There are currently two bills in Massachusetts aimed at legalizing prostitution, both of which are sponsored by the Massachusetts chapter of the National Organization of Women.
One bill, called “An Act decriminalizing prostitution,” decriminalizes sex work for the “commercial sexual exploitation victim,” while retaining legal penalties for the john. Presented by State Representative Kay Khan (D-11 Middlesex District), this bill was referred to the state’s Judiciary Committee on January 23, 2017, and hasn’t been addressed since.
The second bill, dubbed, “An Act to promote the health and safety of people in the sex trade,” legalizes prostitution for both prostitutes and johns, striking out the words “common night walkers and common street walkers” from Massachusetts law and expunging all records of prostitution-related arrests. Presented by Lindsay Sabadosa (D- 1st Hampshire District), this bill was was referred to the committee on The Judiciary on March 29, 2021.
So, where do people stand with respect to the “world’s oldest profession?”
Proponents of legalizing sex work say that criminalizing prostitution brings unnecessary harm to already vulnerable populations and legalizing prostitution will not only lower crime rates, but also improve public health, increase tax revenue and allow consenting adults to make their own decisions.
It may also decrease the number of men who sexually coerce women or lie about their intentions in order to have sex with those seeking relationships on the dating scene.
Examples of sexual coercion include asking a partner for sex repeatedly in order to wear them down and acquiesce, plying an otherwise unwilling partner with alcohol or threatening to spread rumors for not having sex on demand.
Legalizing sex work may also decrease the highly stigmatized nature of the profession, which has been known to permanently tarnish the personal and professional lives of those who enter into it, even for a short time.
Meanwhile, opponents of decriminalizing prostitution feel it’s immoral and may even increase sex trafficking.
One proponent of legalizing sex work is Silfy Star, an adult content creator popular on the streaming platform Twitch. (Her stage name is being used to protect her identity).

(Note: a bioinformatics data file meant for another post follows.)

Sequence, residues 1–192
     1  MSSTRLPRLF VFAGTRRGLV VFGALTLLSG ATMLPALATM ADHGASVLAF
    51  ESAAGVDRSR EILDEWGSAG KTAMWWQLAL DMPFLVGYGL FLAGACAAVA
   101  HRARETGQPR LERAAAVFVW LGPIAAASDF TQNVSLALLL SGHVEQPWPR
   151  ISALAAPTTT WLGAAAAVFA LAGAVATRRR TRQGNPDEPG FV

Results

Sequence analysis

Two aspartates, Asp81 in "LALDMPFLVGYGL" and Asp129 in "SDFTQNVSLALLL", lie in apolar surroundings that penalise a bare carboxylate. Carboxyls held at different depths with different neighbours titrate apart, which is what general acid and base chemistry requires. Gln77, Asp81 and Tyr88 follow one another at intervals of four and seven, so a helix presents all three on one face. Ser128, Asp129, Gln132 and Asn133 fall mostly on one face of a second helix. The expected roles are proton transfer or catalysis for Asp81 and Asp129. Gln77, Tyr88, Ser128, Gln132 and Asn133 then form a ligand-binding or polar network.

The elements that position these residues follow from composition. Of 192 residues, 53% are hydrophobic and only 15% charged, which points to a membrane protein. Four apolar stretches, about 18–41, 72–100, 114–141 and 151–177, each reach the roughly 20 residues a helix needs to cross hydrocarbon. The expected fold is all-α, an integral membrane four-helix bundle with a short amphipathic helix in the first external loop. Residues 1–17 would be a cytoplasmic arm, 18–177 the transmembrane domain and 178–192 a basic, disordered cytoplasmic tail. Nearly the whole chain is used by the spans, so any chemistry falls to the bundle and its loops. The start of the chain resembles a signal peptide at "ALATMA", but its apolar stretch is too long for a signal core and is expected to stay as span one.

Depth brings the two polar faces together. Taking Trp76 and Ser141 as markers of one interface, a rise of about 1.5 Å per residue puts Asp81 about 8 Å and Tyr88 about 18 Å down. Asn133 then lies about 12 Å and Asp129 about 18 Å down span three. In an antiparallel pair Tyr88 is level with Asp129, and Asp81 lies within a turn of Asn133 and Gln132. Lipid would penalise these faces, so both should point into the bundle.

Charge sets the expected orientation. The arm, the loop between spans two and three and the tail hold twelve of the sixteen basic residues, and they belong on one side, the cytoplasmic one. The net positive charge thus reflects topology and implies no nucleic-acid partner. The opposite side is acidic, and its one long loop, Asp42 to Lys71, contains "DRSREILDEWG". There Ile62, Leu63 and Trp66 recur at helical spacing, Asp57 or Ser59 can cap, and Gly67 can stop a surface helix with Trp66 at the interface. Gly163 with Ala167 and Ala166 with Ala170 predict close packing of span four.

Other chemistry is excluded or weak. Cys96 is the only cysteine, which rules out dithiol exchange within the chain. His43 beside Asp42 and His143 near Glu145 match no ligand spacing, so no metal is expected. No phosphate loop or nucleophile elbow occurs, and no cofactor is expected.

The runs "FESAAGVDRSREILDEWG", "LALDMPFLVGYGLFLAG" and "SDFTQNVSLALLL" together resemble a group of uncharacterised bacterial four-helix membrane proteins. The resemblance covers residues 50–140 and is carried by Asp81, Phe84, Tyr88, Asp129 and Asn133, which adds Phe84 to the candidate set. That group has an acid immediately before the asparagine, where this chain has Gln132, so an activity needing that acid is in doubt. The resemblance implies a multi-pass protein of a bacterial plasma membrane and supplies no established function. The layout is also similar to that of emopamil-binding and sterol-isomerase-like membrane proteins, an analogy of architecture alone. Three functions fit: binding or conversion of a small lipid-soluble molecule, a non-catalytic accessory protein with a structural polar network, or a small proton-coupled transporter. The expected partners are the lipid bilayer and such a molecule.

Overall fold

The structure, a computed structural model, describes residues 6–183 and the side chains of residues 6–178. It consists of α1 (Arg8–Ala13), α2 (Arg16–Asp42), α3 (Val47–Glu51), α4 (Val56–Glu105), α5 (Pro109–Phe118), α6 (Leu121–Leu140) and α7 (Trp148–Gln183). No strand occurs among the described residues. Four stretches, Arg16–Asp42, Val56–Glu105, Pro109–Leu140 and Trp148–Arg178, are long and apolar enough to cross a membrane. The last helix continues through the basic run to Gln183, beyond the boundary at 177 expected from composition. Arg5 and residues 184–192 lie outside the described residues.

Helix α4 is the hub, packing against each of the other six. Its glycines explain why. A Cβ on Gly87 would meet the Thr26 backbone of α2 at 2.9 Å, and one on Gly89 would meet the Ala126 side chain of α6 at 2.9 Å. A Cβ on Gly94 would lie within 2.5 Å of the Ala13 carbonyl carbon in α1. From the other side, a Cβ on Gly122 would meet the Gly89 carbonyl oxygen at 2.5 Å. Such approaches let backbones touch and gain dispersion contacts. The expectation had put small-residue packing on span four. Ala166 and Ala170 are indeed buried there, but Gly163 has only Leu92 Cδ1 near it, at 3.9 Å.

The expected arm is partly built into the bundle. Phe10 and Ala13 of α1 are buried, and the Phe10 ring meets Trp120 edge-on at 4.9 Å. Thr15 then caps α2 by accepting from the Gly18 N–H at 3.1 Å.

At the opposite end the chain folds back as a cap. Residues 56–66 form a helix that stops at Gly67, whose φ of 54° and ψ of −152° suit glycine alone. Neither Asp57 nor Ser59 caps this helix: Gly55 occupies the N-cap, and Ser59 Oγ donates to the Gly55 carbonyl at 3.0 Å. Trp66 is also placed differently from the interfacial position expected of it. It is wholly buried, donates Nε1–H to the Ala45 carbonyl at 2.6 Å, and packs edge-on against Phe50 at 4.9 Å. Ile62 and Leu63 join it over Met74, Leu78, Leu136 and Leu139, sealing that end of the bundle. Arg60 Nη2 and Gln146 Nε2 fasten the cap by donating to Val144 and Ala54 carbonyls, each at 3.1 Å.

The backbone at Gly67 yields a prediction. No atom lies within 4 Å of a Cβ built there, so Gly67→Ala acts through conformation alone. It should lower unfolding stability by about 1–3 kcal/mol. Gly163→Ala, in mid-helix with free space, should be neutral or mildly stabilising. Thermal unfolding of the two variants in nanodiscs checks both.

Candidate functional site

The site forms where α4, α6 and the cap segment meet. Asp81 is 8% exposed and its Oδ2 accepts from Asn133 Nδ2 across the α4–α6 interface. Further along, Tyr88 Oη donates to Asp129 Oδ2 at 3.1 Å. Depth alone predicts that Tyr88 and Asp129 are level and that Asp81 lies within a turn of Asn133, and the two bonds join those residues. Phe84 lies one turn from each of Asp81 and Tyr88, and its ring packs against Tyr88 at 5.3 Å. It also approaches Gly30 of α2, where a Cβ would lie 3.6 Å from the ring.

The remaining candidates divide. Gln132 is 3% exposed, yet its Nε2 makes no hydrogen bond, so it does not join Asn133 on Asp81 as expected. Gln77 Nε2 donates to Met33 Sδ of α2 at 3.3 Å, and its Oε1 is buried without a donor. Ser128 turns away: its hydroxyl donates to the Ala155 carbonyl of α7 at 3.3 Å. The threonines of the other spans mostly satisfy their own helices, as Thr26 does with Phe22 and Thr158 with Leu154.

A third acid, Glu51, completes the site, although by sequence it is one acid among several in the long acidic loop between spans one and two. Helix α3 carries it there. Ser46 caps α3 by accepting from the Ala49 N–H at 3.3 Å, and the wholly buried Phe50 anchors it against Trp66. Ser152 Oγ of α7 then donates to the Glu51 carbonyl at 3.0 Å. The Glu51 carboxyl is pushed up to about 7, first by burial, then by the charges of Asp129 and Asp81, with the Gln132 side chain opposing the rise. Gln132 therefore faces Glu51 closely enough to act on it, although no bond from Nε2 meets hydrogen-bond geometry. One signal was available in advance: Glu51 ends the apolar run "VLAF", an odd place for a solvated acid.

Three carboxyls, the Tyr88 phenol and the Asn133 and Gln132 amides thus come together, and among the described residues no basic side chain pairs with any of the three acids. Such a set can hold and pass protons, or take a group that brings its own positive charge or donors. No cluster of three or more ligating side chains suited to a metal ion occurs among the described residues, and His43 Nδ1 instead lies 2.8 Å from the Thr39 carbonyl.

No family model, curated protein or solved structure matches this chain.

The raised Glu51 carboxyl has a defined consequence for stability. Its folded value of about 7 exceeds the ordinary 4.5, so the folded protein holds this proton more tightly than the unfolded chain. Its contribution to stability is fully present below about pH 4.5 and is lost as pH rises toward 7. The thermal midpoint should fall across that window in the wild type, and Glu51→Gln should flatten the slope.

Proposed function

“I do think it should be decriminalized because in my mind it is simply moronic,” she said. “So, you can have sex with somebody and they give you a gift. I can have sex with random strangers and it is not a problem. The issue comes if they give me money, which makes no sense, why does that matter?”
Based in Texas and in her early 30s, Star began working in the adult industry as soon as it was legal for her to do so.
“I started off in the adult industry when I was 18. I was a dancer, a sugar baby, and then ultimately ended up doing online content creation,” she said.
But that isn’t all she did professionally.
Star, who has multiple advanced degrees and ended up marrying her high school sweet heart, also worked as a nutrition director for a Texas school district. When she became fed up with that job, she decided to work in the adult industry full time.
“I was very unhappy in my role, I got tired of the brown nosing, the red tape, some of the shady things that happen on the back end and decided to say, ‘forget that’ and resigned,” she said.
Star doesn’t agree that people are drawn to purchasing sex acts because it’s illegal and therefore taboo. As a matter of fact, she thinks more people would be purchasing sex if it were legalized.
“I think that if it were decriminalized more people would do it,” she said. “Just because it’s legal doesn’t mean all your business is out there. When you go to a strip club do you have to show the stripper your ID?”
She added that regulations would make the adult industry safer for everyone involved and allow those performing sex work to take more control of how they conduct business.
“It would empower women, you don’t need a pimp, you have the ability to make that choice yourself,” she said. “If that’s the life you want to get into, then there are safer ways to go about it.”